Once again, the entire CP red-tail phenomenon revolves around the abundance of prey animals. If there is lots of food, there will be lots of hawks. When food begins to become harder to procure because of competition, the adults will either drive off the interlopers, or have a reduced brood size. If five or so immature red-tails remain and compete with Pale Male and Lola, only one or two eyasses may be produced this year. At worst, none would be. It could be an empty nest year.

It’s possible that the following could occur. What happens if the five immature winter hawks simply disregard the behavioral admonishments of the adults to scram, to leave the area? Would that be possible? Could be. Booting out one or two incursive intruders is a reasonable task for an experienced resident pair. But perhaps the five youngsters perceive that the pair of old fogey adults simply can't cover enough space to keep them out. As an adult chases after one youngster, another simply flies over to the abandoned space that the adult just left. If the immatures are impudently unresponsive (unlike your kids and mine, who perfectly responded to our adult admonitions), the entire process could devolve into something of an unproductive flying circus. Do we have now a gang of juvenile delinquents that might disrupt the normal conventions of red-tale domesticity? Let’s see what happens.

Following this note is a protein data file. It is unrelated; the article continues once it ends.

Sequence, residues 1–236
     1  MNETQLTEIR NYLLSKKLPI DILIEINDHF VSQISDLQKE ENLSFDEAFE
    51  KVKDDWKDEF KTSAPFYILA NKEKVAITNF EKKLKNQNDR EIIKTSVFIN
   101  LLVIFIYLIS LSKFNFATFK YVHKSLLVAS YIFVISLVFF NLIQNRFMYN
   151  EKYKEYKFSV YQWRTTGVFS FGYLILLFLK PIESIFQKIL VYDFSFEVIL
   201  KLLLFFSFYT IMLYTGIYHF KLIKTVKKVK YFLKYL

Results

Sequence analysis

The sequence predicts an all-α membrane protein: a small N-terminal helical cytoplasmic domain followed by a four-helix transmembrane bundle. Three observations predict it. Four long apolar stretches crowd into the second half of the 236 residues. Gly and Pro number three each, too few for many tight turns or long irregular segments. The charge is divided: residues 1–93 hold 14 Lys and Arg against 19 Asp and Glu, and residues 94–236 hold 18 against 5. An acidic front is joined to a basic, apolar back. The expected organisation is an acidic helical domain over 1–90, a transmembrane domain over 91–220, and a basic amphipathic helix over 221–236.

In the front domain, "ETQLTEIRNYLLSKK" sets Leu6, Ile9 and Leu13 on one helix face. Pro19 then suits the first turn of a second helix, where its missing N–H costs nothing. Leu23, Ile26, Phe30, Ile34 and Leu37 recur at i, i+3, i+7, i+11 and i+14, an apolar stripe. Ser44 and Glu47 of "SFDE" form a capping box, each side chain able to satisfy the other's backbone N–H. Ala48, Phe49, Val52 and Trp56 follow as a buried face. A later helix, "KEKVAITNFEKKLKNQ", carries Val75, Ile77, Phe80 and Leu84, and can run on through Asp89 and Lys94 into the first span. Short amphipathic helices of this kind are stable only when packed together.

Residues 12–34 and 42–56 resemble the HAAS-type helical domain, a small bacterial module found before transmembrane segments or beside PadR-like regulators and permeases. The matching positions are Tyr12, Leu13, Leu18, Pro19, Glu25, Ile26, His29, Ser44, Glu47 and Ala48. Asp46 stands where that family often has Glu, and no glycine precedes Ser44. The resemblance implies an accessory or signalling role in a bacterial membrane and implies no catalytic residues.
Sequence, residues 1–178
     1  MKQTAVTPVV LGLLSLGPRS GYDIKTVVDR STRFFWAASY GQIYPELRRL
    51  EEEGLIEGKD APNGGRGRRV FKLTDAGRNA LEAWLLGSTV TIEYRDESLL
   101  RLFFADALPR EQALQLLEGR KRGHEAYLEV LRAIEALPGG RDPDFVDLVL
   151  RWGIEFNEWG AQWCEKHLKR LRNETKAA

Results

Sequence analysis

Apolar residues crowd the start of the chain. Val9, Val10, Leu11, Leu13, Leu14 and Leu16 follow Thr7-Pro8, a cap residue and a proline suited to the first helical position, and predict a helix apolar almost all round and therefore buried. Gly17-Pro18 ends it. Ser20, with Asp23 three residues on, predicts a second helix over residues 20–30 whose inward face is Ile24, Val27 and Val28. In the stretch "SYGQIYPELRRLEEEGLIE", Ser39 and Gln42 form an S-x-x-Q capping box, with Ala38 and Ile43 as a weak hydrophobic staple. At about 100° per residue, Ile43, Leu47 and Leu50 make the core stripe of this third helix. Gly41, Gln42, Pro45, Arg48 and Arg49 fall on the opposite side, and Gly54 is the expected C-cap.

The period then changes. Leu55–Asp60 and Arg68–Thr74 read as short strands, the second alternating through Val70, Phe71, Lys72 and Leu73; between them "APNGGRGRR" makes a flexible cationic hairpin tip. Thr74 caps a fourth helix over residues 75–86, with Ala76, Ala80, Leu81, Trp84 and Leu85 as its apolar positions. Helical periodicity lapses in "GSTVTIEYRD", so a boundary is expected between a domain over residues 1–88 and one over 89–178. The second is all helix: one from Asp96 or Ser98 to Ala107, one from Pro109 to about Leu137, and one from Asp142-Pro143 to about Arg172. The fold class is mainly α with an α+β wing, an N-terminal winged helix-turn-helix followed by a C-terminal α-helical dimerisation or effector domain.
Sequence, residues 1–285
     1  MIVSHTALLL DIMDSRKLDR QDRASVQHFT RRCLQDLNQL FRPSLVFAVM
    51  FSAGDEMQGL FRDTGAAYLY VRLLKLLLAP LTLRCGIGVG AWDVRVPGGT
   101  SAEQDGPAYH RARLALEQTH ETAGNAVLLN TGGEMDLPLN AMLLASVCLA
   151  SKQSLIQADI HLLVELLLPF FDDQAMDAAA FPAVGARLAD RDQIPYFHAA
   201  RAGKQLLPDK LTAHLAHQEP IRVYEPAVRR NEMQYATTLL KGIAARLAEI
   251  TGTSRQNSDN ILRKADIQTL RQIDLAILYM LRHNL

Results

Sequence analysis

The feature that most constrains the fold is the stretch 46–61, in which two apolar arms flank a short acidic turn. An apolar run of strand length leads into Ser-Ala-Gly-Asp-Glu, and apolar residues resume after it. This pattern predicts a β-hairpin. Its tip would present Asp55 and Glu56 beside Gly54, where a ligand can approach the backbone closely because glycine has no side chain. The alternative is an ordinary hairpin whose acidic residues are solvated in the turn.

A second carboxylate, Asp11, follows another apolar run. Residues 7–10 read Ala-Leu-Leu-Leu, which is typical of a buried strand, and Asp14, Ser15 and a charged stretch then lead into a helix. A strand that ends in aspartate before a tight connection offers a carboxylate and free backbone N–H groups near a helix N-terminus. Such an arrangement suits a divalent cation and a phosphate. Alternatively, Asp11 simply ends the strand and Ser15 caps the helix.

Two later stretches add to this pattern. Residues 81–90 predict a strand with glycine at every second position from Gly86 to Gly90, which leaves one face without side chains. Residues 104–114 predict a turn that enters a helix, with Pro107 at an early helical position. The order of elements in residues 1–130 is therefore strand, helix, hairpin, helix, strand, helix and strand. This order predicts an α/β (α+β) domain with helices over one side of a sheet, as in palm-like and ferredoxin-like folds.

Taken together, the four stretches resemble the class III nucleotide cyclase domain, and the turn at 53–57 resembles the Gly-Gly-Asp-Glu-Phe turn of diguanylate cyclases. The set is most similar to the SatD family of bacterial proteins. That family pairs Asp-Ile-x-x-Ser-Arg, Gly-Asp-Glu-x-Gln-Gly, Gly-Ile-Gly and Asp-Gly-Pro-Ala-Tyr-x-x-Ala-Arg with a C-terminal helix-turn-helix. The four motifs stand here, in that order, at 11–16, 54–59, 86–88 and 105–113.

Again, I've never seen anything like this in the rural wild. This is all new. Nothing is decidedly settled. And should, perchance, this year’s brood size be reduced or altogether absent, don't fret. Let’s honestly prepare ourselves for what might become a biological reality, that the annual production of three-eyass broods is unsustainable and atypical.

As long as Pale Male and Lola had no hunting and prey competition, when they were the only game in town (or the Park), everything went their way. But that may no longer be the case. The rats and pigeon prey base may now have to be divided with, or shared among, some other Central Park hawks. At some point, a CP red-tail saturation point must be reached. Originally, I would have projected that a single pair exploiting the entire Park was saturation. I was wrong. There have been as many as three Central Park resident pairs in recent years, and now there are the added winter immature population. (After all, this is New York City. Residents of every species live closely packed together in high density.)

Let’s watch what develops. I'm betting that the intruding youngsters will be driven out and few or none will be seen in March and April. But a quite alternate scenario might develop, with unexpected, even untoward results for our pair.

And most of us just thought we were merely watching the uneventful lives of a single pair of red-tailed hawks. Nature is seldom so neat and tidy. Things in the wild are usually a continuing interplay of multiple forces and factors, just as are being seen with Pale Male and Lola. Isn't this as good as the plot of a great novel, the thematic development of a great symphony, or a walk through a great art exhibition?

Sincerely,

John A. Blakeman